If you simply switch to lighter strings without a set up, the lighter strings may contribute to guitar induced buzzing. That's because the lower tension on the lighter strings means the oscillation envelope will be wider and your guitar may not have sufficient relief to provide clearance between string and fret. If you did the test I suggested above and determined that you only get buzzing on certain chords and not isolated notes, you could try to switch to lighter gauge strings without a set up if there is enough relief already between frets and strings. The string most likely to buzz - when switching to a lighter gauge - is the low E string which has the widest oscillation envelope. If you buy a set of extra light strings, and change the low E string first, then tune to pitch and fret each note one at a time all the way up the fret board and get no fret buzz, you should be fine to install the balance of the set without fear of guitar induced fret buzz.

But one last time, a good set up by a qualified professional will ensure that your guitar is playing optimally and with minimal stress on your finger muscles, regardless of what gauge strings you choose to use! Get one done if you can.

Good luck and enjoy your journey!


If you are new to playing guitar, then it may be that you are not fretting the notes firmly enough with your left hand, and this is causing the buzzing. However, it is also likely that your guitar is out of calibration.

You should take the guitar to a qualified musical instrument repair person and ask them to examine the guitar and see if the problem is with the guitar or if it is with your technique. If it is a problem with the guitar, then read on:

This is a common problem with a new guitar. Guitars require calibration in several different parts to play properly. Performing these calibrations is called a setup (as in "I'm going to set up this guitar"). If you bought the guitar from a music store, they should be responsible for doing an initial "setup" to calibrate it correctly, at no charge to you. In that case, take it back to the store and ask them nicely to adjust it for you to remove the buzzing.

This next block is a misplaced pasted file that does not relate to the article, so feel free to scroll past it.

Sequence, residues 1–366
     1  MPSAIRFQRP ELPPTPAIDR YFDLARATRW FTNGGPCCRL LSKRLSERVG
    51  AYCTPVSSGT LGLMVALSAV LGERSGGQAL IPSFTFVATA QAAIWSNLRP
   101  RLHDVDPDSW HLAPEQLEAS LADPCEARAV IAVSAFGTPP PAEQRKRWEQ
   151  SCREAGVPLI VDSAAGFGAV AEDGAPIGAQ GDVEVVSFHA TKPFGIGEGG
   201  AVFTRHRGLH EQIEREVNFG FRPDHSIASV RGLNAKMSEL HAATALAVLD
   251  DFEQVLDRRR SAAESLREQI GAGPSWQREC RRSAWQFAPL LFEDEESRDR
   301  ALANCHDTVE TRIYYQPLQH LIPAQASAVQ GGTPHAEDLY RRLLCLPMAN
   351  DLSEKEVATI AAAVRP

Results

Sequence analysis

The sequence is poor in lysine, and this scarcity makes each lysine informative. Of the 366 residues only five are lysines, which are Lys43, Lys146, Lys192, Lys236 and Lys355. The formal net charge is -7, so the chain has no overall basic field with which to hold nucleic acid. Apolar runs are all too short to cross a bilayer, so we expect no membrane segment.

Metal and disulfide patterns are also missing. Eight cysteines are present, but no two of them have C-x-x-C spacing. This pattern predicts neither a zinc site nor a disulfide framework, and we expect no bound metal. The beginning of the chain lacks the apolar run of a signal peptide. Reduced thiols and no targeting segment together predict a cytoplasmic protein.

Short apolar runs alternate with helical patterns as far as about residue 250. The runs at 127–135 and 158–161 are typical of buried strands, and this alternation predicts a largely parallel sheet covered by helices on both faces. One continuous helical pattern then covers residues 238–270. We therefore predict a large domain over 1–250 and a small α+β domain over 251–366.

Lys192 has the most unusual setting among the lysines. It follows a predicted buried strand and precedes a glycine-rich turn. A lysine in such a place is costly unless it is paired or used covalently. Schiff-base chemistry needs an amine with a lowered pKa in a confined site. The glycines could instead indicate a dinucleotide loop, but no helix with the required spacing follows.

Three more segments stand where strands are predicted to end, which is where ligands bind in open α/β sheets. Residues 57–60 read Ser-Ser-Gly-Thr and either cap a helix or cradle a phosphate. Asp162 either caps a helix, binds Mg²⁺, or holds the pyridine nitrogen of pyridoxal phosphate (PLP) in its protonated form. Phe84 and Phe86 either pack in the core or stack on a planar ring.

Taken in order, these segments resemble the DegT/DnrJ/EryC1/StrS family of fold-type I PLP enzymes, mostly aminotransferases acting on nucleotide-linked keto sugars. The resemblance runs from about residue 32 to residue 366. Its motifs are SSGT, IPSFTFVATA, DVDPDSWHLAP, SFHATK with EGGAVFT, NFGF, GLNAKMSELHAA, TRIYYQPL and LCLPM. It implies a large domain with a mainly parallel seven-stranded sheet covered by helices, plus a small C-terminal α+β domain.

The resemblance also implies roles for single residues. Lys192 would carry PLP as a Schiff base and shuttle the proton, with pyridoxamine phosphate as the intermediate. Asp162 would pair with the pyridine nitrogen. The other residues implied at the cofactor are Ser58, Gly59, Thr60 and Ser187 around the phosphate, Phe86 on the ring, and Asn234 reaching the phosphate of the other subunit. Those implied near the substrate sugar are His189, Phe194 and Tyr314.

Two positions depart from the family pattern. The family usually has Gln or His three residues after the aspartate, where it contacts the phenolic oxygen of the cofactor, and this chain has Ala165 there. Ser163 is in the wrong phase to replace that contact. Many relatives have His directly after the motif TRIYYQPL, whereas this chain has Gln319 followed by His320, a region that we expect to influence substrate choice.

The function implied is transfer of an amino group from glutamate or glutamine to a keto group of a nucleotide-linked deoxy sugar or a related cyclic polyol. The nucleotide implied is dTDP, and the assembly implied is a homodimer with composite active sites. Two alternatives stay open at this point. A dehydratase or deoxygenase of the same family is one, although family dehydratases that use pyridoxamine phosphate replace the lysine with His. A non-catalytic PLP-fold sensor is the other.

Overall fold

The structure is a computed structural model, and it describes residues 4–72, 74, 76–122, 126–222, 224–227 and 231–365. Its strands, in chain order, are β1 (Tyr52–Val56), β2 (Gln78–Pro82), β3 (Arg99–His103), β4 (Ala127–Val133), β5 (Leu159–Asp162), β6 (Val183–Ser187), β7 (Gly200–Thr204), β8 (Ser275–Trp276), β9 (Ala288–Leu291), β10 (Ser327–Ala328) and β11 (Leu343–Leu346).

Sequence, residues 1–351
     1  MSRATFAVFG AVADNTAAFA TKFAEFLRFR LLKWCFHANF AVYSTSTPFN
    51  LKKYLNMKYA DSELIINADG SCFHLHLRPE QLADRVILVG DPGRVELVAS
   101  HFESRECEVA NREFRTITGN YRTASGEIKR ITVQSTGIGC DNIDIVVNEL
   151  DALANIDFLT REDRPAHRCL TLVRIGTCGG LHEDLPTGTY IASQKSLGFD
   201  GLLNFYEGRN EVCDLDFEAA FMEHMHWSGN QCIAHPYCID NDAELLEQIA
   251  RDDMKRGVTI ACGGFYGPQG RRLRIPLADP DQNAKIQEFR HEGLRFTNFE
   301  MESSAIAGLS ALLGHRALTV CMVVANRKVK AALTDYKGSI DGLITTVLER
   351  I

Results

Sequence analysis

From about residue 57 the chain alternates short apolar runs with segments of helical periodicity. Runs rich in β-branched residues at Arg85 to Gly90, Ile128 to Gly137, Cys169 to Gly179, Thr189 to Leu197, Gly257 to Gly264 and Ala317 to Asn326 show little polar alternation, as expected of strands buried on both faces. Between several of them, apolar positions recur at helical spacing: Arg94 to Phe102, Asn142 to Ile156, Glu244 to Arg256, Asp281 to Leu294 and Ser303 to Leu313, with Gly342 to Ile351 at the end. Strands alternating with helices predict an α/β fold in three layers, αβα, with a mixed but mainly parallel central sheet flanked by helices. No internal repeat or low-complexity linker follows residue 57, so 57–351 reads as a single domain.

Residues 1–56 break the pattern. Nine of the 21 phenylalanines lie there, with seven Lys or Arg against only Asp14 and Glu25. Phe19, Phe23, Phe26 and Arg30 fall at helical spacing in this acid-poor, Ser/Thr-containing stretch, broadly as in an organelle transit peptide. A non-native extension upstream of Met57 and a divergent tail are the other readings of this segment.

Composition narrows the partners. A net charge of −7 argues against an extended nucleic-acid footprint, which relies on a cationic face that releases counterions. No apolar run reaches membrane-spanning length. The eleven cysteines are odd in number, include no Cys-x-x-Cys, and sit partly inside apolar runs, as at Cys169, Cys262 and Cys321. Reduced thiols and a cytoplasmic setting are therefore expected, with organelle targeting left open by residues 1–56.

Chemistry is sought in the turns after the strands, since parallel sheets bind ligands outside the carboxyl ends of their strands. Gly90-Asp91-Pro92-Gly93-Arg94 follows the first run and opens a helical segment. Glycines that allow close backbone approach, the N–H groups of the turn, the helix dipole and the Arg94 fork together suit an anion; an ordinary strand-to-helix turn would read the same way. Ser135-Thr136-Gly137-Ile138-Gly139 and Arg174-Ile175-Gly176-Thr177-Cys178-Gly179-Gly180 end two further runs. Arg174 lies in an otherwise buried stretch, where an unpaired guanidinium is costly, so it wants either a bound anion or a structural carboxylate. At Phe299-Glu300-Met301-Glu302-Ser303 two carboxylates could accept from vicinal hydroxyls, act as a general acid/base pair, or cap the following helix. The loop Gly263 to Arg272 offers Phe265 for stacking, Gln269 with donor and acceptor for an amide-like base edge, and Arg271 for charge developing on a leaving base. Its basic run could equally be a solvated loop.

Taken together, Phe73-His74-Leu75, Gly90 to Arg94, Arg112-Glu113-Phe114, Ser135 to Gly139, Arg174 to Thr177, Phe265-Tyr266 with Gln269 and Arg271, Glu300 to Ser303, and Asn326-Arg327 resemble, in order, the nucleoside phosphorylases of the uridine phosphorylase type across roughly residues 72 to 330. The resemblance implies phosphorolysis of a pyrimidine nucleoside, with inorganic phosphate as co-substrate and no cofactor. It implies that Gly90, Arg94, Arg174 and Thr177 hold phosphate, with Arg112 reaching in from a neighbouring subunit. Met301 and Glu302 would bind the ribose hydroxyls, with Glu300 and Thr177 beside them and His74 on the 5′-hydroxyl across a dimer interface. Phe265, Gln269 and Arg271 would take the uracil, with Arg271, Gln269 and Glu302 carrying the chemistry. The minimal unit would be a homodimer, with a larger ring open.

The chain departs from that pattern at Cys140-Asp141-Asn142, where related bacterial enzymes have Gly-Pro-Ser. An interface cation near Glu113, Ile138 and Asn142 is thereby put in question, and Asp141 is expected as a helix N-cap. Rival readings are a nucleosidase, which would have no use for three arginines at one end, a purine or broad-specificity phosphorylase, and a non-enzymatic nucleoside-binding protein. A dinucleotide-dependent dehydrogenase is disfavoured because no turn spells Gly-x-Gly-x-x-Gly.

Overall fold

If this is not possible, you should take the guitar to a qualified guitar repair person and ask them to have a quick look at the guitar. If they say it needs a setup, you should pyay them for one. Here in the USA this costs about US $60 plus the cost of a new set of strings, and the cost should be the same whether it is an expensive guitar or a cheap one.

If the guitar repair person tells you that the guitar is so far out of specification that the buzzing cannot be removed by a routine setup, and the cost of repair will be very high, then you may wish to see if you can return the guitar for a full refund, and then select a properly-functioning guitar to replace it.

A "setup" involves making adjustments to the nut, the truss rod, the bridge saddle, and in some cases shaping and filing the frets themselves. All this has to be done interactively by someone who has experience in it; it can be quite tricky. A setup is something that you may need to have done periodically (perhaps annually) because guitars are made of wood under high tension from the strings, and the wood will shift and warp very slightly and various parts will go out of alignment according to seasonal changes in humidity and temperature.

So in summary, if this can be solved by a small amount of routine maintenance, you should get that done. Hopefully for free by the company that sold you the guitar; if not, you'll have to pay extra. At any rate I hope that the company or person that sold you the new guitar will do the right thing and stand behind the product they sold you.


I have the same guitar!(YAMAHA f310) and i had the same problem ! .. The original strings are meduim .. They are really hard to play as a beginner and may hurt your fingers . As i told you i had the same problem but i got rid of buzzing sound by changing strings to Extra Light and re settingup my guitar :) Good Luck .